Q: When was the first time you considered becoming a mangaka, and why?
Masashi Kishimoto: In the period between second and fourth grade, I was obsessed with the Dr. Slump anime and the Dragonball manga by Akira Toriyama sensei. I loved his characters. I was especially fond of Arale from Dr. Slump and Goku from Dragonball. Plus, his work attracted me. There was something about his cartoonish drawing style that felt right, more so than realistic drawings. I told myself, “I want to be like Toriyama sensei.”
Q: Where do you get your inspiration? Do you listen to music or watch movies when you are working?
MK: I have a DVD player with a small screen on my desk and I sometimes watch movies and listen to music. I used to do that more often when working, but not so much these days. After drawing manga for 12 years, I learned that it does affect my art. For example, if I was listening to a song with sad lyrics, my manga would begin to reflect that sadness. And then, when I look back at the drawings, something felt off. Therefore, I decided to turn off anything that could affect my art. But I do love movies and I get a lot of inspiration from them. In my free time, I go to the movie theater to catch all the blockbuster hits. I also look for hard-to-find movie titles in the stores. I like to watch epic trilogies like Star Wars, horror movies, such as Vi, romantic movies like 500 Days of Summer, and classics like The Sting. My favorite movie of all time is Akira, but I love Hollywood movies in general. My favorite was How to Train Your Dragon because the script was fantastic. As a fan of the original comics, I liked Tin Tin. I thought the movie was faithful to the comic and the CGI animation made it appear more real than a live-action film.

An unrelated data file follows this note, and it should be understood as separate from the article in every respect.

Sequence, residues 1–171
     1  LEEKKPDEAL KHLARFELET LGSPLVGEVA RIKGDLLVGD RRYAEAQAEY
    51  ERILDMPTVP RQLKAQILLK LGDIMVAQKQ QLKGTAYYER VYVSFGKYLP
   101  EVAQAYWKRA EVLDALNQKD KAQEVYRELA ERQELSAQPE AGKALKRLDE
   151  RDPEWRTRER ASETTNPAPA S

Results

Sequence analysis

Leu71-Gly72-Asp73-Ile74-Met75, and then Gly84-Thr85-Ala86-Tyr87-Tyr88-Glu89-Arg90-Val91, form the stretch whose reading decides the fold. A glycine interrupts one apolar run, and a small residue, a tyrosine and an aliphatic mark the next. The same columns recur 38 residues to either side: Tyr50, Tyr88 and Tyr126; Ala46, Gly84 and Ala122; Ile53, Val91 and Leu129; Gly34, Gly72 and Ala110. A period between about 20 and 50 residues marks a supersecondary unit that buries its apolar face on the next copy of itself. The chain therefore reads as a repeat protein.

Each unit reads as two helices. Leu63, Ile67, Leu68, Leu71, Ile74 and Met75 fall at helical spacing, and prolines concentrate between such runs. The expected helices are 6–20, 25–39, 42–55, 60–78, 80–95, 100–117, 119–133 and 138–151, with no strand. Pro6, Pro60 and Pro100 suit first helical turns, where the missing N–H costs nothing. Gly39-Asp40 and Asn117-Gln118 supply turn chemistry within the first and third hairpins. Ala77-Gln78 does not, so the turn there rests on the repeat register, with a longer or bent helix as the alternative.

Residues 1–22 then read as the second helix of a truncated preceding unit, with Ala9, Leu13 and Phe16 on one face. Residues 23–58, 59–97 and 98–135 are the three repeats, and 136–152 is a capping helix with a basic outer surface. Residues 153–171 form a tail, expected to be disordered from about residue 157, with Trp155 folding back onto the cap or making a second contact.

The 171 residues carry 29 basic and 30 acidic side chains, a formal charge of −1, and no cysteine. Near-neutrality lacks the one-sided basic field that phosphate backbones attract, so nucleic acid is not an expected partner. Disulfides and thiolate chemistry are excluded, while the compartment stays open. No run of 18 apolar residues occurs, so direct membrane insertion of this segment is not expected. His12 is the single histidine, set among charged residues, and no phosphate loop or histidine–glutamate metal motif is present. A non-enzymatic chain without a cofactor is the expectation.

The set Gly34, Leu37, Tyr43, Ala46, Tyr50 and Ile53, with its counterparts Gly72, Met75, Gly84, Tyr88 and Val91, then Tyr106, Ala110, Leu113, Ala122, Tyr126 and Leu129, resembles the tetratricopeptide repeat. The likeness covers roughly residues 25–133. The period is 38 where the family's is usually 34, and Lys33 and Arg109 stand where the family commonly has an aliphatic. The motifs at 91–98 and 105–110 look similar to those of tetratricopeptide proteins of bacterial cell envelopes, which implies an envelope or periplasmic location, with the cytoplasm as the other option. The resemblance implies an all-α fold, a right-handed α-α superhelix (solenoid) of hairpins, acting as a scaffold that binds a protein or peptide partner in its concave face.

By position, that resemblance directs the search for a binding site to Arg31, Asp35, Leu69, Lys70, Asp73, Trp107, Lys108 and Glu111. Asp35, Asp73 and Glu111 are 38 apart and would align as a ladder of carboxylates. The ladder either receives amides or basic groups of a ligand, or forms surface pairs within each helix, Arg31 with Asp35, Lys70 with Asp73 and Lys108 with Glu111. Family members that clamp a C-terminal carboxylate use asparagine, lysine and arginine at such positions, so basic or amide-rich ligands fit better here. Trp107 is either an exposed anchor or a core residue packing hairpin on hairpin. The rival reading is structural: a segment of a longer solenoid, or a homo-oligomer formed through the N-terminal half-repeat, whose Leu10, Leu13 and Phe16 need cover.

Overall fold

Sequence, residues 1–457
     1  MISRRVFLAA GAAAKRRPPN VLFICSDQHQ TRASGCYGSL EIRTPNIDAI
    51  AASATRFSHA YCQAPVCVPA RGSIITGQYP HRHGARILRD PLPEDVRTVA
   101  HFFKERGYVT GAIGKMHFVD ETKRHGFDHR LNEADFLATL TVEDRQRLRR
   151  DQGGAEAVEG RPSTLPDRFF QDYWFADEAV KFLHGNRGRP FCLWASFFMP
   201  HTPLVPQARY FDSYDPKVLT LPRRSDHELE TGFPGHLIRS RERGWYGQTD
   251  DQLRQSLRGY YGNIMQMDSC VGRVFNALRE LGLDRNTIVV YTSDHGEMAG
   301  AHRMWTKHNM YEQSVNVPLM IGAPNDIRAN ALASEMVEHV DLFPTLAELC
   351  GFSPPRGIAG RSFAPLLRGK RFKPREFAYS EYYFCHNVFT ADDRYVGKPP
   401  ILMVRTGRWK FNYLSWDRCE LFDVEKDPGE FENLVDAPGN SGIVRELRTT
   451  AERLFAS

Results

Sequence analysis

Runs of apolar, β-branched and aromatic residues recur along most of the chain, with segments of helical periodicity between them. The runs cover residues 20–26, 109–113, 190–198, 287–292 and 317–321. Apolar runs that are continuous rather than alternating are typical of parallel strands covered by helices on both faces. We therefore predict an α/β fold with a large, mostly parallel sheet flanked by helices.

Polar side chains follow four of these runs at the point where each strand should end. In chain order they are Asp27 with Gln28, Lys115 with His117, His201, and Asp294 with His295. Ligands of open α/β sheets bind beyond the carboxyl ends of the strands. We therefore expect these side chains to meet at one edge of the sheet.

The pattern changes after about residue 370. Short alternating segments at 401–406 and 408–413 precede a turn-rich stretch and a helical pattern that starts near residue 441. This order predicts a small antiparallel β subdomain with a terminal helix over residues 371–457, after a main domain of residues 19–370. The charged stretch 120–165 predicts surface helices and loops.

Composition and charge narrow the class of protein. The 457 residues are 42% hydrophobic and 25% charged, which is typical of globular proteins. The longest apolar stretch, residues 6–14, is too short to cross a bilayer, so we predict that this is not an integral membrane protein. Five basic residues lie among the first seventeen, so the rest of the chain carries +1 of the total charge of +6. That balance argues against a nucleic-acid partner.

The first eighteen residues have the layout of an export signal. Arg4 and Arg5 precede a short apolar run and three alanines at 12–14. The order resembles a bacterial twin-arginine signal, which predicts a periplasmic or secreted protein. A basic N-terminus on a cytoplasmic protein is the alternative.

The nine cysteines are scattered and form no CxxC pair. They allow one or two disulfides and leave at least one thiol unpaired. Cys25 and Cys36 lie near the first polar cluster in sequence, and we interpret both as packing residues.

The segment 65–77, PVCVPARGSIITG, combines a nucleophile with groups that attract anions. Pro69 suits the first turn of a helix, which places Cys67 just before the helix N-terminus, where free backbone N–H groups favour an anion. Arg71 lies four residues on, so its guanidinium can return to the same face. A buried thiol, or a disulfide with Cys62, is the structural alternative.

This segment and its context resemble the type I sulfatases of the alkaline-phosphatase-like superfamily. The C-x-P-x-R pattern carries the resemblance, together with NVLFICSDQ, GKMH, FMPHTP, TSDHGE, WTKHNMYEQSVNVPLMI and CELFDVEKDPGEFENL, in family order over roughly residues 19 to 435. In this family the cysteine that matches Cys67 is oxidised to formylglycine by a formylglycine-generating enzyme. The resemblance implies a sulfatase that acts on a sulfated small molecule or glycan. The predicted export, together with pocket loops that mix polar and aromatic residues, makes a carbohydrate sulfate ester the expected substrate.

Q: A mangaka’s schedule is incredibly exhausting. What is the secret to endure so many hours while maintaining an incredibly high level of quality in your work?
MK: The only reason why I can continue drawing manga for so long is because I love to draw manga. I really feel that this job is a good match for me, and it has really worked. If you weren’t born with a love for drawing, it would be impossible to draw manga. You want to run away or have an allergic reaction or something. When I was a baby, I drew on the walls by impulse, even before I was able to hold a pen. So I remembered I always loved drawing.
Q: You have drawn and written Naruto for more than 10 years. Compared to when you first began, how do you think you’ve grown and changed as an artist and as a person?